Such growth would seem improbable if not for the existence of Mission Hills. The 4,900-acre megaresort includes a 315-room hotel and eight restaurants, as well as 12 golf courses designed by Jack Nicklaus, Greg Norman, and Nick Faldo, among others. In just 14 years since its first course opened, the club has surpassed Pinehurst in North Carolina as the world’s largest golf resort.
China also is the location of the world’s longest golf course—Jade Dragon Snow Mountain in Lijiang—and several other layouts designed by prominent architects. In response to the increasing number and quality of courses in China, travel companies such as Remote Lands and PerryGolf (see “Green China”) have begun offering golf-themed trips to the country. “We had viewed China in some detail earlier in the year ,” Gordon Dalgleish, president and cofounder of PerryGolf, tells me on a flight from Kunming to Shenzhen. “I had high expectations going in, and it’s totally surpassed my expectations.”
The 45-year-old Scotsman, who took up the game at age 7, had some familiarity with Chinese golf. His introduction came in 1995, when, on a whim, he entered an amateur championship hosted by Chung Shan Hot Spring. “I was coming over to Hong Kong for a golf trade show,” he recalls, “and at the last minute, I discovered that there was this Chinese amateur going on. I entered it, and lo and behold I managed to win it.”
Dalgleish says that the quality of golf in China has improved dramatically since his earlier visit, and that the country’s courses today rival the world’s best. But at least one aspect of Chinese golf distinguishes the sport from its equivalents in the British Isles or on the California coast: Chinese caddies—all women, as is common in Asian countries—make golfing in the People’s Republic an exotic experience for Westerners. “A very rewarding part of the Chinese golf experience is the caddies,” notes Dalgleish.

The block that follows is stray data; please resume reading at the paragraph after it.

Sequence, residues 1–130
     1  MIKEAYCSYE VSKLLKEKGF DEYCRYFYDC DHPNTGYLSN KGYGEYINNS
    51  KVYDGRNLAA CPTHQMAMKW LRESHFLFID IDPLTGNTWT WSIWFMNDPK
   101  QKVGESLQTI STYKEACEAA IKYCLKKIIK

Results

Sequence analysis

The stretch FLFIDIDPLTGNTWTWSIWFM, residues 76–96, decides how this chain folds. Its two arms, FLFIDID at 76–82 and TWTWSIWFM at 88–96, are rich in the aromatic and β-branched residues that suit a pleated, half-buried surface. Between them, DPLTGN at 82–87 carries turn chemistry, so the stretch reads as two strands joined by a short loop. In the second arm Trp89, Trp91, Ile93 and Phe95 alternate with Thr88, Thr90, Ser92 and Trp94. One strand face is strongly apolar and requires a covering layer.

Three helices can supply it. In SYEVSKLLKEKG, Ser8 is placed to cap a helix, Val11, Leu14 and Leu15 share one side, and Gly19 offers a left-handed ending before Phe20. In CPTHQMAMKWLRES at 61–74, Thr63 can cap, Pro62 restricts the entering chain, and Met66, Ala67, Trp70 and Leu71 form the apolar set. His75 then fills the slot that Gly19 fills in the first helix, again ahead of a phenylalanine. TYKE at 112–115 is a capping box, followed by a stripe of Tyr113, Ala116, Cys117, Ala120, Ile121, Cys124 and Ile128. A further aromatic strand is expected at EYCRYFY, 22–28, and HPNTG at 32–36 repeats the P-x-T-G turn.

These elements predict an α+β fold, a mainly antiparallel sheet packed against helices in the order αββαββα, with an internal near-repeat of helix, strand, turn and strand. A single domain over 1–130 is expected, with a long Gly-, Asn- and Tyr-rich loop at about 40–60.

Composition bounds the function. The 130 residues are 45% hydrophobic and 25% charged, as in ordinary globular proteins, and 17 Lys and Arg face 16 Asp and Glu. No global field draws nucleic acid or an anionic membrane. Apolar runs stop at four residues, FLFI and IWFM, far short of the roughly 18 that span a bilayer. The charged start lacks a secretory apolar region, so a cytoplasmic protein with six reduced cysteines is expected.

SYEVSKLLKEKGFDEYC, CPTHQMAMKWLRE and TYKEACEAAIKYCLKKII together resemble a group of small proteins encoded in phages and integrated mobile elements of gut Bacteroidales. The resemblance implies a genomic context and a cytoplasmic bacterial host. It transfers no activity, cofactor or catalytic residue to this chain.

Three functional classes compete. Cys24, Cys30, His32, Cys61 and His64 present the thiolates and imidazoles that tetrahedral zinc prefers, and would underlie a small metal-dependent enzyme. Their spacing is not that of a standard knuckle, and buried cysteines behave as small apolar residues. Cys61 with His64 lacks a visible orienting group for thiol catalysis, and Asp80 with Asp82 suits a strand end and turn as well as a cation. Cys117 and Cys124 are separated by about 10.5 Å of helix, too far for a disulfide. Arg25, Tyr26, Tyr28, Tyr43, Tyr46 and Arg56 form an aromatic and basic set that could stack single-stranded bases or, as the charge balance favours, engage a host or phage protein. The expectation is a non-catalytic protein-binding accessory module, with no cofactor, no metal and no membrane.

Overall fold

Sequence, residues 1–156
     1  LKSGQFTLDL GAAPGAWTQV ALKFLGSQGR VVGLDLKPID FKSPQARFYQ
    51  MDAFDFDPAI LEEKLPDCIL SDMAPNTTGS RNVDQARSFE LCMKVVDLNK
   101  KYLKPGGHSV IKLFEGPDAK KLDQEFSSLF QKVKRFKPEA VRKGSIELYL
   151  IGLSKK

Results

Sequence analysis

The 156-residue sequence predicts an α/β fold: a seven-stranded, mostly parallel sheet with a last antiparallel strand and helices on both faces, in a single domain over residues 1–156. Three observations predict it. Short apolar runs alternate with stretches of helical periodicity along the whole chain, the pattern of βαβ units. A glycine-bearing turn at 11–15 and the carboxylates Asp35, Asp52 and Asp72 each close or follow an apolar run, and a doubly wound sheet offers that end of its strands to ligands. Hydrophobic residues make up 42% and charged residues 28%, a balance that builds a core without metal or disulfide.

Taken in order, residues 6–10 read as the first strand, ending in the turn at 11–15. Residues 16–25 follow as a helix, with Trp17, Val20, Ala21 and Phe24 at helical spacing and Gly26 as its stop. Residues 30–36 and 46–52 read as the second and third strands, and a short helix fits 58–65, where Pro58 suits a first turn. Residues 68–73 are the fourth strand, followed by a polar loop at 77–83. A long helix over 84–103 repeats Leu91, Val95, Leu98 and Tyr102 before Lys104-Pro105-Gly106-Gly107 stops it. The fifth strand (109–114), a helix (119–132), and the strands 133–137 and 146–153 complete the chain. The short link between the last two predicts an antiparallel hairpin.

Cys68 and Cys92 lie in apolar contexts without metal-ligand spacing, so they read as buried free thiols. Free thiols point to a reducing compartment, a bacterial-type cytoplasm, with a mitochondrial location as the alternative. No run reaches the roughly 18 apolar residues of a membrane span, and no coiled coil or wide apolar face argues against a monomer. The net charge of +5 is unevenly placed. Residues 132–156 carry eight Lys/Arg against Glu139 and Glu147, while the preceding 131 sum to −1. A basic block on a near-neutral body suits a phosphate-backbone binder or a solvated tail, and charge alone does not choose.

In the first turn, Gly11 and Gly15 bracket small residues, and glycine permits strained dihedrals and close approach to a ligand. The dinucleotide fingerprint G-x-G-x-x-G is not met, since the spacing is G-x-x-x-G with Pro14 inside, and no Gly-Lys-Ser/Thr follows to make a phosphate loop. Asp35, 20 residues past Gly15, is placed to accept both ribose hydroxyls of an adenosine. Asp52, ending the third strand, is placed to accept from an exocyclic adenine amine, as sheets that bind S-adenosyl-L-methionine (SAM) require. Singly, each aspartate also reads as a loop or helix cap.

“It’s like trying to judge a beauty pageant,” says Tenniel Chu, executive director of Mission Hills, of the selection process for the 3,000 caddies employed at the resort. The criteria for hiring a caddie, he explains, include age, language abilities, height, and level of education. Caddies at Mission Hills cannot be younger than 19 or older than 27; they must speak Mandarin, Cantonese, and basic English; and they must be at least 5-foot-2 and have attended high school.
For aspiring caddies at Mission Hills and most of the other leading golf resorts in China, being selected is only the beginning of a long initiation process. The three-month training course at Mission Hills educates the young women on golf strategies, terms, rules, and etiquette. Upon completing the course, caddies must pass a written and oral test before they can begin serving members and guests on the resort’s courses.
Yet for all the training, there still exists a knowledge gap between the Western golfer and Chinese caddie, as if some of the sport’s finer points remain en route across the Pacific. This fact becomes evident when, halfway through my round on a Nicklaus-designed course at the Spring City Golf and Lake Resort in Kunming, I decide to forgo a traditional pitch shot in favor of a bump-and-run. My request for a 7-iron for a 40-yard shot confuses my caddie, Barbara Li. It seems the 25-year-old Li, who has worked at the resort for four years, has never seen the shot performed, nor even heard of it.